At the launch of ‘The Irish and China’ book in Trinity last week, I was asked why so many Irish who had lived in China found resemblances between the two peoples.
I have come to the conclusion it is something very human that was preserved in both traditional cultures. In neither civilisation is boasting seen as ‘cool’, people feel ashamed if they hurt another‘s feelings and indirect speech is common in order to show respect for the person you are talking with.
I remember being told in Korea never to say ‘No’ to a request. Rather, say ‘I will think about it.’ We have much the same habit in Ireland. Some would criticise traditional Chinese, Koreans, Japanese and Irish for this roundabout way of talking but it does show a commendable consideration for others.
Both cultures accepted that the individual should not be the centre of everything but part of a common effort to get on with each other and find happiness in the process.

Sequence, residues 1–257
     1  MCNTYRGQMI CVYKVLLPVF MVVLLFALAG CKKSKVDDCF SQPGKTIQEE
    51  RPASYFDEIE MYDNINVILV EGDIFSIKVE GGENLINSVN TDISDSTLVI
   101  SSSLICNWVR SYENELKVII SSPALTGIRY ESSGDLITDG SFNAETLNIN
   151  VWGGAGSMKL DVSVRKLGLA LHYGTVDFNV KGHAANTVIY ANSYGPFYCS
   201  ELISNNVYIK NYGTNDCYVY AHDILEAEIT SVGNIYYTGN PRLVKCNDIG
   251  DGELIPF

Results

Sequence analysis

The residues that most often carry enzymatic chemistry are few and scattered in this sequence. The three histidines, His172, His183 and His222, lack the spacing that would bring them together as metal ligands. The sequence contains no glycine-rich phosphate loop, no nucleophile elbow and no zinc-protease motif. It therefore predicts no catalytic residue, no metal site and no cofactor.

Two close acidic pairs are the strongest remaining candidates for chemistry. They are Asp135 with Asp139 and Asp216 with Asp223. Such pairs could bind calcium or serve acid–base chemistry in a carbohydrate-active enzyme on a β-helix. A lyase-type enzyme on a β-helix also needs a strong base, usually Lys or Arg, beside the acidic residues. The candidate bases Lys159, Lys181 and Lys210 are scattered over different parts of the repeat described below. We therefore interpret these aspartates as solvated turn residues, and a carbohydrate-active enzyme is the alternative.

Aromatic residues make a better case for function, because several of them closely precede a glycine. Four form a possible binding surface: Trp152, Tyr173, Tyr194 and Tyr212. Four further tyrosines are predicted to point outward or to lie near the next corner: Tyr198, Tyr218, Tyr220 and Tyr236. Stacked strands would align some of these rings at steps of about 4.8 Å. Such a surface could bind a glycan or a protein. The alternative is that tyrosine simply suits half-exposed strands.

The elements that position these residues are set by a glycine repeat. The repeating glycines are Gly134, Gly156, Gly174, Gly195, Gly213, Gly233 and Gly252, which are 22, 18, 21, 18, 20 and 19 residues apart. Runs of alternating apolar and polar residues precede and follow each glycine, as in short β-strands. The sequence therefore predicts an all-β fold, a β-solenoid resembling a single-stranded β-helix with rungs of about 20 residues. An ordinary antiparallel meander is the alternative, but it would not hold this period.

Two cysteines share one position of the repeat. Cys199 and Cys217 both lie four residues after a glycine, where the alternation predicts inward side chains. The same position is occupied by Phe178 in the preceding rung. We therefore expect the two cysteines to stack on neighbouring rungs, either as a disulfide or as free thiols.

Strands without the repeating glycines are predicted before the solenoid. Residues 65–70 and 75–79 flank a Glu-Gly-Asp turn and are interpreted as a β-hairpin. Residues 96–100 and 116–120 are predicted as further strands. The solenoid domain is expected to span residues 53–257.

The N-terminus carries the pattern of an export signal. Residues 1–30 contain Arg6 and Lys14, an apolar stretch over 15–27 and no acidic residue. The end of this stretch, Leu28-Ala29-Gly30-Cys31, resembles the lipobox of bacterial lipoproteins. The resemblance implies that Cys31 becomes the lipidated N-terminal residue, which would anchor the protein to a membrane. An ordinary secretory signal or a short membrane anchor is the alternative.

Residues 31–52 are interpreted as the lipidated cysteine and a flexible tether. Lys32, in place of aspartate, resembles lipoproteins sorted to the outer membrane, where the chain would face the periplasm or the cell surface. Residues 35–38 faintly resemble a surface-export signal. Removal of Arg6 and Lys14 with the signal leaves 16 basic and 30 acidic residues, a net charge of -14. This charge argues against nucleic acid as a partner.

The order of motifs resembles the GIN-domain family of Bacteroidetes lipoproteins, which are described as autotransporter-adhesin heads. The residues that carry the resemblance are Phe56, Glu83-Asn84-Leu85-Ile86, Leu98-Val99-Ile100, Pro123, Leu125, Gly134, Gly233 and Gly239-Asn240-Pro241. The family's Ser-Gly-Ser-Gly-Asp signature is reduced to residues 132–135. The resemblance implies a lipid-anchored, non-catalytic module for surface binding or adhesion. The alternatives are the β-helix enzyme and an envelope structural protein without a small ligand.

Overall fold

In China, Korea and Japan this attitude was modelled and kept alive by Confucianism. In Ireland and Western Europe, up to recently, it was passed on through Christian practices and communities.
However modern culture, giving priority to personal emotions and urges, threatens this openness of ‘give and take’, of contributing to making society better for all and expecting others to do likewise.
When I put forward these views at the ‘Launch’, no one contradicted me. Perhaps it is a sign that politeness has not faded from Irish culture!